New PM Articles for the Week of January 19 – 25

Balloon BeyondNew project management articles published on the web during the week of January 19 – 25. We give you a high-level view so you can read what interests you. Recommended:

Must read!

  • Seth Godin notes that professionals don’t add emotion to their communications to signify urgency.
  • H.O. Maycotte argues that the challenge in getting actionable information out of Big Data is being sure you’ve asked the right question.
  • Tim Wasserman identifies ten strategic trends in project execution that will define success in 2015.

PM Best Practices

  • Harry Hall lists ten ways in which the alignment between the customers and project team is gradually lost.
  • Dave Wakeman looks to Seattle and finds that the problem of a failed tunnel-boring machine has expanded well beyond the tunnel itself.
  • Rich Maltzman finds a colossal example of a failure to engage project stakeholders, right in his home town of Boston.
  • Nick Pisano references Borges’ “Library of Babel” in pointing out the challenges inherent in extracting meaning from collections of data with no underlying common design.
  • John Carroll asks, “If the stakeholders don’t actually care about the project or take any responsibility or interest in it, then why is the project being carried out?”
  • Mike Cohn explains why we should focus on benefits, rather than features.
  • Mike Donoghue argues for benefits management, as the key to keeping your project on track.
  • Ryan Ogilvie recommends a dozen ITSM blogs, for those of us with service management responsibilities.

Agile Methods

  • Neil Killick describes the role of Scrum Master in terms of responsibilities, behavior, and goals. An excellent, brief, but actionable explanation of a complex topic.
  • Niranjan Nerlige describes the role of Product Owner, as a list of interactions with the team and with the business.
  • John Goodpasture deconstructs Mike Cohn’s recently published definition of done.
  • Johanna Rothman considers alternatives to estimation, in the form of planning and re-planning.
  • Mike Griffiths reviews a few misconceptions about teamwork and collaboration.
  • Joanne Wortman talks about blending Agile methods in with the traditional.

Podcasts and Videos

  • Cornelius Fichtner interviews Pam Welty and Joy Gumz on the use of Building Information Models for construction projects. Just 17 minutes, safe for work.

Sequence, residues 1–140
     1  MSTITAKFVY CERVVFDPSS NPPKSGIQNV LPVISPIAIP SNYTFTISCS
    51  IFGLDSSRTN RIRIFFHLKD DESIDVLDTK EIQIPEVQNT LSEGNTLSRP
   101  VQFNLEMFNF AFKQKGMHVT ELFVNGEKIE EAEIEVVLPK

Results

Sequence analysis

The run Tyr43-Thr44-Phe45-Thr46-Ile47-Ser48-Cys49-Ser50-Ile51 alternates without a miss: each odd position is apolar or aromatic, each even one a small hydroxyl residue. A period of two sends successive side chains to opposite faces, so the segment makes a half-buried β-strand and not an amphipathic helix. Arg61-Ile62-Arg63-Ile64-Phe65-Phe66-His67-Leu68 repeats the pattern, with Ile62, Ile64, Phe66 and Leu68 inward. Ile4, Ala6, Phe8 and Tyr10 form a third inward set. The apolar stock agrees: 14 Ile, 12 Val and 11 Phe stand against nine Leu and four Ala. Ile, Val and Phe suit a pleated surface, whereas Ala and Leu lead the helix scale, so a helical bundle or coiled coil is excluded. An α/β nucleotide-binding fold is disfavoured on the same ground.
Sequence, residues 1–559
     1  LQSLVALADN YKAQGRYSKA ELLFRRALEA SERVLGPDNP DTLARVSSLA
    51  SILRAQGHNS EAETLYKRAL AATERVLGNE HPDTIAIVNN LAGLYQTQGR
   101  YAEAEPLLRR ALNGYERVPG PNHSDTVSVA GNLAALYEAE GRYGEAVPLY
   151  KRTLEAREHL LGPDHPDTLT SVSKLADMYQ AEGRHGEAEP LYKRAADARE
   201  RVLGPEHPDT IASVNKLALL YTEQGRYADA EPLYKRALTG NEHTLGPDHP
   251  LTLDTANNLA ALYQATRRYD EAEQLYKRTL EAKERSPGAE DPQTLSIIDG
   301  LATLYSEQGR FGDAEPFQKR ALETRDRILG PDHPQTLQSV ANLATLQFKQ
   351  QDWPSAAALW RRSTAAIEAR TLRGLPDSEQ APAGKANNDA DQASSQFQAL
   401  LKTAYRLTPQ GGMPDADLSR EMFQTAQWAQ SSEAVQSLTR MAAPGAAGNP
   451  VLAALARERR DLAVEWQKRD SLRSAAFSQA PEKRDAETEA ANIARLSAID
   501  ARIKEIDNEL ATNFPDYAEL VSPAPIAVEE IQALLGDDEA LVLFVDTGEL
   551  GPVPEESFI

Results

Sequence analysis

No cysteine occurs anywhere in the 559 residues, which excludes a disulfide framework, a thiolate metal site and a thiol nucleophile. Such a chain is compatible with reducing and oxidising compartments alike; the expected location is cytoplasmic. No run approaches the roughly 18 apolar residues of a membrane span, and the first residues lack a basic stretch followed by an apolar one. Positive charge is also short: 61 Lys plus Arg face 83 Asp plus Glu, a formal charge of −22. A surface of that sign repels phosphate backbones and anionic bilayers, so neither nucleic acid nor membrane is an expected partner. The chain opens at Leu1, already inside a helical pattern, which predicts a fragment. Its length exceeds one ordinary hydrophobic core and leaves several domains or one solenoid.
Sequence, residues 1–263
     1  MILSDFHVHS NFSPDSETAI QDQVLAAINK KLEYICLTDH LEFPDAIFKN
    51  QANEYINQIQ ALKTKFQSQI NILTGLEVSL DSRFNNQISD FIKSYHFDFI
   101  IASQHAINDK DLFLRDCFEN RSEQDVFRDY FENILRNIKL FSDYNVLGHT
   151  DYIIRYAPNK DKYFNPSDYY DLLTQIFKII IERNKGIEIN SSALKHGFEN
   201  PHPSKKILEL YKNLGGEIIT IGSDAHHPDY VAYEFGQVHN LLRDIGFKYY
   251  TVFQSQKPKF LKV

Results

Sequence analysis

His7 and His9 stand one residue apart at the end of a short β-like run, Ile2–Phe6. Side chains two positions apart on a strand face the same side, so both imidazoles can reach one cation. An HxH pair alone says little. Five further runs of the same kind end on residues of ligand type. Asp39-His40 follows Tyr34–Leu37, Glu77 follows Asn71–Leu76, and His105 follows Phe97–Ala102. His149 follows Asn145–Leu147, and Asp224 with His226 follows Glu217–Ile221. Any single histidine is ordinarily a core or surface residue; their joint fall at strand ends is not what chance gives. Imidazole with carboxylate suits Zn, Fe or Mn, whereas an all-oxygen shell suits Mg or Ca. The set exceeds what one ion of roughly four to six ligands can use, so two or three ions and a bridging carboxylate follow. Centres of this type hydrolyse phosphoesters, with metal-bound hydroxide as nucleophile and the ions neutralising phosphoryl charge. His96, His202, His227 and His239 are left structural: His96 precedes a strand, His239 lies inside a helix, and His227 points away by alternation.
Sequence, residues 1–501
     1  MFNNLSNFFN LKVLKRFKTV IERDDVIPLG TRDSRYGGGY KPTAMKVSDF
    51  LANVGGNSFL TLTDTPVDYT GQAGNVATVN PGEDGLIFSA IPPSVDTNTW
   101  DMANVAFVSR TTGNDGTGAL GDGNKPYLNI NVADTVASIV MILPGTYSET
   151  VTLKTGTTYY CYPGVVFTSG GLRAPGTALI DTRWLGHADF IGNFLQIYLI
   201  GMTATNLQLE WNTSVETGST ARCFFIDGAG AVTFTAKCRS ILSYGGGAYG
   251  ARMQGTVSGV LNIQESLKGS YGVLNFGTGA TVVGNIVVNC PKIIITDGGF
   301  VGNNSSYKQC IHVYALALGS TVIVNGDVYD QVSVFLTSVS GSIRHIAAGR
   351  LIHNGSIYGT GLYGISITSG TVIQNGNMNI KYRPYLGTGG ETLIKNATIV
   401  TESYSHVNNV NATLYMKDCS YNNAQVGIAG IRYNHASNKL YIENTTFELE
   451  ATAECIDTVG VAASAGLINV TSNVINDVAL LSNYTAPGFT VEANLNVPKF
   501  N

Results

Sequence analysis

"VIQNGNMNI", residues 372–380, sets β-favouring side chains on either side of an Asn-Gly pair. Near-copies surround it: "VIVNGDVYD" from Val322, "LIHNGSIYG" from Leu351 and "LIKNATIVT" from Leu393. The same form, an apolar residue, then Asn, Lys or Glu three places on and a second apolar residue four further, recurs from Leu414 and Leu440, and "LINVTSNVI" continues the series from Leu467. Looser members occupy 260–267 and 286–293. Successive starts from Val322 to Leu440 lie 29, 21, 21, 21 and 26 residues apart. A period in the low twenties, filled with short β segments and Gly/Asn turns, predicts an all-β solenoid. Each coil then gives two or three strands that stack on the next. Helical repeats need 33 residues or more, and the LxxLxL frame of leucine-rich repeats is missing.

• Elizabeth Harrin shares five quick tips for managing communications during a crisis. Just three minutes, safe for work.
  • Mark Phillipy talks about the importance of networking in developing your career. Just 26 minutes, safe for work.

Pot Pouri

  • Steven Levy extracts three lessons learned from the scandal surrounding under-inflated footballs in last weekend’s game between the Patriots and the Colts.
  • András Baneth gets to the essence of Reality Television Executive Chef Gordon Ramsay’s coaching method.
  • Don Kim points out that there are times when SMART goals can be dumb. Or at least, counter-productive.
  • Emanuele Passera considers the question: do we really need to be number one in our industry?
  • Lynda Bourne reflects on taking the time to reflect and think. And yes, that’s an example of recursion.

Enjoy!

Commas for Zombies: A Punctuation Guide

Eats, Won't Leave, So Shoot!

Eats, Won’t Leave, So Shoot!

I’ve previously written about my inner eighth grade English teacher. While I’m generally pretty easy going, he gets cranky when people whose first language is English use it poorly. Typically, it’s improper phrasing, mixed metaphors, or odd colloquialisms that set him off. Lately, he’s become annoyed by improper punctuation. The two most commonly used punctuation marks are the period and the comma. Hardly anyone gets the period wrong, but comma errors are … well, common. In this short post, I’ll summarize a few guidelines for proper use of the comma.

Commas For The Zombie Apocalypse

Consider the following sentence:

As the zombies closed in, Emily realized, to her horror, that she had left her grandmother’s teakettle on the stove, with the burner at medium-high.

In this example, “As the zombies closed in,” is an introductory clause, which is set apart by a comma. Common starter words for introductory clauses include after, although, as, because, if, since, when, and while. Similarly, commas should follow introductory words, like well, however, yes, and even similarly.

Non-essential phrases, such as “to her horror,” are also set apart with commas, before and after. If you could remove the phrase without changing the essential meaning of the sentence, then it is a non-essential phrase. A clause that begins with that is always essential.

Use a comma to separate free modifiers, which describe attributes of some element at the beginning or middle of a sentence. “With the burner at medium-high,” modifies the teakettle on the stove. If it isn’t clear what is being modified, re-structure the sentence.

Rob fired a warning shot, but the zombies continued to advance.